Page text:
(c) Objectivity: Work performed, and conclusions reached need to be free from external influences and driven only from facts and evidences. Concerns over objectivity may arise, which need to be kept in mind, through any of the following situations (indicative list):
(f) Skills and Competence: The skills required to undertake an FAI engagement are quite specialised and unique. Beyond the basic skills of accounting, auditing and investigation, there are a multitude of other specialised expertise required, especially in the dual domains of Law and Technology. Both these areas are changing in a very rapid manner and both subjects now impacting the FAI engagements in a significant manner.
Practically, no assignment exists where digital evidence or data analysis is not required and similarly all assignments are leading to some level of legal proceedings. The Professional is therefore expected to have, or procure, the require expertise in these two areas in particular. Similarly, given that expertise is getting so specialised, one person alone can not be expected to be the “master of all”! Hence, its indeed safer to recognise one’s own limitations and seek out the expertise required to gather all the compelling evidence which may be avaible.
3.3.2 Principles of Performance
(a) Contextualisation of situation (Predication): What makes each FAI engagement unique is the context of the situation and the environment in which the respective events take place. Similarly, no engagement begins in the anticipation of “finding something” and there is always a need to have the “probability of the occurrence of some activity” even if it is only a suspicion. In fact, the mandate coming from the appointing stakeholders will always indicate some type of predication or a suspicion (e.g., the suspicion of the involvement of a purchasing manager with a vendor or supplier).
This is particularly important at the time of establishing the objectives of the engagement through discussions with the Primary Stakeholder. A subsequent risk assessment will also help to identify the important fraud risk indicators, which again will assist in establishing the predication.
(b) Primacy of Truth: One way to label a Professional would be to use the term “the seeker of truth”! Which is why, whenever there are any doubts in the mind of the Professional, the compass of truth will provide the right direction. In most cases this is also a very comforting thought, since there would always be some evidece or another to support the truth, it only needs to be discovered. On the other hand, evidence to support something else (a lie) would have to be generated and then it might be in conflict with something else – like the evidence of truth.
This basic principle of “truth being primary to everything else” is particularly relevant when case theories (or hypothesis) are being formulated at the time of planning the work procesures. These statements, when drafted in the form of truth seeking statements, will be most effective and give a fillip to the investigation.
For example, in a situation where bid procedures were short circuited at the time of procuring half-dozen water pumps, one will contexculise the situation and develop a case theory which seeks to find out why that was the case. The truth might point in the direction of solving a problem of flooding in an emergency situation as the real intent, as opposed to any unethical intent of kick-backs. Hence, the truth may even justify the violations in certain unique scenarios.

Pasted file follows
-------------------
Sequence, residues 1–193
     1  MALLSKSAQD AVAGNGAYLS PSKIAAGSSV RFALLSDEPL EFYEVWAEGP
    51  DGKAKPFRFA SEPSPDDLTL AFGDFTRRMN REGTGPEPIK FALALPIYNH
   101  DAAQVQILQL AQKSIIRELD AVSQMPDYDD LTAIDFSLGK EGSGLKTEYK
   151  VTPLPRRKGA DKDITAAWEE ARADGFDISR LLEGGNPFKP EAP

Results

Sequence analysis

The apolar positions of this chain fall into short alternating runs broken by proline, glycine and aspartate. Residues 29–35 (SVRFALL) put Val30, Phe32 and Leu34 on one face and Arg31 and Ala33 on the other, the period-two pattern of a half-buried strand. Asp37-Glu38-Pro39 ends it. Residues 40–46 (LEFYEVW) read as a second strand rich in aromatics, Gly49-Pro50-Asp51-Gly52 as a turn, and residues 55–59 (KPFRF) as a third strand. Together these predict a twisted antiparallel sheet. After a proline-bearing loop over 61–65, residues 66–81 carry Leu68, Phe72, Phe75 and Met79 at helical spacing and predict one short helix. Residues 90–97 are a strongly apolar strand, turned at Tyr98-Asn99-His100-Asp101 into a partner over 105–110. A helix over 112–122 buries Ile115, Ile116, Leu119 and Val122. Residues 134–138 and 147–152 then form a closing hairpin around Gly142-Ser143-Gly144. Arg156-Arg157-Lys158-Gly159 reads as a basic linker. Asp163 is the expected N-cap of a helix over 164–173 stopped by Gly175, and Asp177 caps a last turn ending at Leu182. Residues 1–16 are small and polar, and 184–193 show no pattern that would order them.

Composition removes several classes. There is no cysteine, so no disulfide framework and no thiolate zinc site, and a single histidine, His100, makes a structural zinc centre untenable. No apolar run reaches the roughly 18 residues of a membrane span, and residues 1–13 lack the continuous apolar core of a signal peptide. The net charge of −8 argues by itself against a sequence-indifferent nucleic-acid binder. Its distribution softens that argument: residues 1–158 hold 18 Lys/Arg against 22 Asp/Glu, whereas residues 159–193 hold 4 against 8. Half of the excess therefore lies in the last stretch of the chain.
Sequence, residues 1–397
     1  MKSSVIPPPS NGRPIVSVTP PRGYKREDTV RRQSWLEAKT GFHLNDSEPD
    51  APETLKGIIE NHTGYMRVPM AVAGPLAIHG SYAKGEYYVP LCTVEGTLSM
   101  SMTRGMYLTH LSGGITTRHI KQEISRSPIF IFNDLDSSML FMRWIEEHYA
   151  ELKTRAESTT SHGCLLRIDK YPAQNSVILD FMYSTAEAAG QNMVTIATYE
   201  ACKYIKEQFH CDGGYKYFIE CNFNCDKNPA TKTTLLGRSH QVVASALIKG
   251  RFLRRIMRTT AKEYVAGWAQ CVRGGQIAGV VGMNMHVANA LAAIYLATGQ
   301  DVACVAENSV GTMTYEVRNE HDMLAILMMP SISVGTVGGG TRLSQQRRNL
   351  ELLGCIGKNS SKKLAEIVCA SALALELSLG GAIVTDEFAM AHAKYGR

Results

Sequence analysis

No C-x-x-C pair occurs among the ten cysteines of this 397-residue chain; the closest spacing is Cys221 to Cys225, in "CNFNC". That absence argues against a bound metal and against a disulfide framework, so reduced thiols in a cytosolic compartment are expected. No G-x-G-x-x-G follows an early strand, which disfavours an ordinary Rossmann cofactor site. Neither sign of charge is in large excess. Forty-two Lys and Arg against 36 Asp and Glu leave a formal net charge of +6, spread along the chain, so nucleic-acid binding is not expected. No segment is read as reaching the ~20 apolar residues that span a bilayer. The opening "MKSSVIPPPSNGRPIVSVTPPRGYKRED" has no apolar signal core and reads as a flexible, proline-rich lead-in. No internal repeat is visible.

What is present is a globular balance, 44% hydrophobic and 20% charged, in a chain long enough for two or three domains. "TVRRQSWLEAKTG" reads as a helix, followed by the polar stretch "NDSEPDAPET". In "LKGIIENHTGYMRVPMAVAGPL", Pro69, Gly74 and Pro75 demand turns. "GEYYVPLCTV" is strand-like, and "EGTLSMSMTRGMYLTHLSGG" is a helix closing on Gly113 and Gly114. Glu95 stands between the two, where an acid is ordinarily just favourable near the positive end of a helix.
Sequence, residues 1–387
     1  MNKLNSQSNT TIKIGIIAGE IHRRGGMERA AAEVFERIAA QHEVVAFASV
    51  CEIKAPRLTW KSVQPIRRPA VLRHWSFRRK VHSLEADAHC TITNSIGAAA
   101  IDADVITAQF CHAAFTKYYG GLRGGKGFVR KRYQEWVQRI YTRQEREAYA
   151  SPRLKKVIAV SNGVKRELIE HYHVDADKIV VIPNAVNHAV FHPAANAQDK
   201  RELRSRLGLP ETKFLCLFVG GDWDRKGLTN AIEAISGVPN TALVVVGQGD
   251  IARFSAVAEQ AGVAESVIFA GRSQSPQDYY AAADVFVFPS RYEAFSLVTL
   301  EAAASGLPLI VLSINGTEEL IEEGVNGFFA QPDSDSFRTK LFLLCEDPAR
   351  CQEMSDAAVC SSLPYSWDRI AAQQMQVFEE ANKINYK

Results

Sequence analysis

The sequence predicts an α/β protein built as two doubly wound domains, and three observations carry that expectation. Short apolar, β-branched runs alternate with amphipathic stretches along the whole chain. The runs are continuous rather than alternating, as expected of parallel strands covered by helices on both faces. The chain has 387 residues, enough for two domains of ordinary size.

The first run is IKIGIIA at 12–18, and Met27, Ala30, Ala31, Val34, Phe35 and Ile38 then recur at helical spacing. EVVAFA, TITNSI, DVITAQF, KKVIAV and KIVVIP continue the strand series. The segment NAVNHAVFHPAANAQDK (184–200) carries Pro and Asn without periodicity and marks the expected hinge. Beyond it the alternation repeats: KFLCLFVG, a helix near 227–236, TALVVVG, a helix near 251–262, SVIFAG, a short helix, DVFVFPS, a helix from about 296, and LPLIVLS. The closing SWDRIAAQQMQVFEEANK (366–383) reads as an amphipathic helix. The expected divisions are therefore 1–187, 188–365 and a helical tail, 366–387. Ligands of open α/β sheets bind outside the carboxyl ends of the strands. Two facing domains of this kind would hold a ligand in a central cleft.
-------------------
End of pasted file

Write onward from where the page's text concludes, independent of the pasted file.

(c) Rights and Obligations: The Professional always faces the ongoing challenge of balancing their obligation of unearthing the truth with persoanal rights of the suspects. This basic principle places an added obligation on the Professional to not just acknowledge that all suspects have the right to defend their innocence, but that the process of gathering evidences should also acknowledge the right to privacy etc,. Unfortunately, its also fair to accept that many time, the suspect use these rights to manipulate the system and even destroy evidence etc,.
For example, many cases hit the media where the accused is aquitted on “technical grounds” of not having enough evidence to judge them guilty. In some of these cases, the evidence gathered may have been considered “in-admissible” in the court due to some deviation from the legal requirements of evidence.
Most often, the smart defence lawyers take benefit of these rights provided by law to the other extreme and try to defeat the strict legal requirements of proof, as a result of which the truth becomes the casuality. Good Professionals are alert to such pitfalls when developing their own cases for legal proceedings.
(d) Separating Facts from Opinions: A major pitfall in FAI engagements is the wastage in resources stemming from diversions which creep in due to the difficulty in seperatenig facts from opinions. While this is now a societial problem in the day and age of social media, this expertise of the Professonal is most important in FAI engagements. Many years of expertise gives the Professional an added advantage in quickly accepting facts and rejecting opionions, and this makes a big difference in applying precious time and resources chasing evidences to support facts and not opinions. If such filteration is not done at the time of evidence gathering, then the professional runs the risk of embarrassing rejection of their evidence from cross examination during the legal proceedings.
(e) Quality & Continuous Improvement: The only guideance which can be given to any Professional with regard to quality is to make sure that this aspect is built into the process of daily functioning, as opposed to an occasional project to be undertaken towards the end of the engagement. The outcome of the engagement, either in the form of a written report, or during legal proceedings will clearly bring out the quality aspects since the deliverable will be more reliable and have greater credibility when the work has been done with high quality standards.
3.4 Other Issues: The FAI profession is going through a lot of challenges where the number of cases are going up, but the number of Professionals conducting quality engagements is not keeping pace. This is partly due to the fact that certain unqualified individuals are also entering the field and undertaking engagements at very low fees which are not sustainable. As the economics of conducting these complex engagements find the right balance, the Professional is well adviced to take the correct steps, keeping all the risks and rewards in mind.